The Cask of Amontillado Characters
The main characters in “The Cask of Amontillado” are Montresor and Fortunato.
Montresor is the narrator, who calmly tells the story of his revenge against Fortunato. Montresor lures Fortunato into his catacombs, chains him to a wall, and buries him alive.
Fortunato is a friend of Montresor’s who is unaware that Montresor is plotting to kill him. According to Montresor, Fortunato has perpetrated “a thousand injuries” against him.
Last Updated on October 26, 2018, by eNotes Editorial. Word Count: 819
Montresor narrates “The Cask of Amontillado,” relating the story of Fortunato's death fifty years earlier. Montresor's profession is unspecified, but it is clear that he is educated and wealthy, with a taste for fine things. Montresor holds a grudge against his “friend” Fortunato, claiming to have borne Fortunato’s insults to the best of his ability before deciding to seek revenge. Montresor reveals himself to be a skilled manipulator as he exploits Fortunato’s pride to lure him deep into the catacombs. Montresor’s conversation with Fortunato (who is drunk) reveals his ironic and darkly humorous nature: when Fortunato asks him if he is “of the masons,” Montresor pulls out the trowel that he will soon use to bury Fortunato alive. Once he lures the unsuspecting Fortunato into the deepest catacombs, Montresor mercilessly chains him up and walls him into a small alcove, leaving him to die. After Montresor has successfully walled Fortunato in, he appears to feel a momentary pang of regret but quickly attributes the feeling of sickness in his heart to the dampness of the catacombs.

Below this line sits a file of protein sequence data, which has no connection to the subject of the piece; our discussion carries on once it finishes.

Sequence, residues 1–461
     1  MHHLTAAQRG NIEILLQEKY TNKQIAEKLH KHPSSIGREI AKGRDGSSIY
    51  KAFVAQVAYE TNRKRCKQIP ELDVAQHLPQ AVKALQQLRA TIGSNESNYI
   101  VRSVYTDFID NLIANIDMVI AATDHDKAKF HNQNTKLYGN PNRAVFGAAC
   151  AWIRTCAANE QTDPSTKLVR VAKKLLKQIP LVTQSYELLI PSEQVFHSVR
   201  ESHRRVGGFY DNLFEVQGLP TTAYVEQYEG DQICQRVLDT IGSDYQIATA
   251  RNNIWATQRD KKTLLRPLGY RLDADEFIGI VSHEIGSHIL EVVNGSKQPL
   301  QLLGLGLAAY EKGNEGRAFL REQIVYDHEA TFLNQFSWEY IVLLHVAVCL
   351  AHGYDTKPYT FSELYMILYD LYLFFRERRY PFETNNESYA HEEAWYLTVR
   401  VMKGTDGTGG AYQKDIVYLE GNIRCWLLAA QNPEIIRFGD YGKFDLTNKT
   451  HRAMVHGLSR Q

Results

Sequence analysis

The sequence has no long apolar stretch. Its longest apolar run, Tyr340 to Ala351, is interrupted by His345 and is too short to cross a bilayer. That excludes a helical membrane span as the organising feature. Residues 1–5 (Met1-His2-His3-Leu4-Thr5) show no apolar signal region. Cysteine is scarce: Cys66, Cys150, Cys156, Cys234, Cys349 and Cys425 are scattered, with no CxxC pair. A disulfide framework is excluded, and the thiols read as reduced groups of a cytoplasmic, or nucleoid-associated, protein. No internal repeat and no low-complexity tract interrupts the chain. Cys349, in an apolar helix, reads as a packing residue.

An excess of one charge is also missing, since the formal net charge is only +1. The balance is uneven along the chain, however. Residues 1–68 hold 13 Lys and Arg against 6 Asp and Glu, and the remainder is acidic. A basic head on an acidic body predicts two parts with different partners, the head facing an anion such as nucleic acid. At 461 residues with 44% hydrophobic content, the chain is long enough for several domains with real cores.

For some readers, Montresor’s vague description of the “injuries” he has suffered at the hands of Fortunato brings into question his reliability as a narrator. Could Fortunato truly have offended Montresor so terribly, or is the offense only in Montresor’s head? On the other hand, Montresor’s cool, detached narration and his methodical planning of Fortunato’s demise suggest that though he is ruthless, he may be quite sane. As Montresor’s story is addressed to an unidentified person (who, presumably, knows things that the reader does not), readers cannot be certain to what extent Montresor’s revenge is justified. Just as we cannot be sure of Montresor’s motives, Poe leaves us in the dark as to Montresor’s feelings about the crime; is his exclamation “in pace requiescat!” (rest in peace) sarcastic or sincere? Some readers have speculated that Montresor’s decision to relate the story after all these years is a form of confession or an admission of guilt. Others interpret the retelling of his perfect crime as a form of bragging. By focusing on the events of the murder itself rather than the motive or aftermath, Poe leaves the reader guessing as to the true nature of the characters.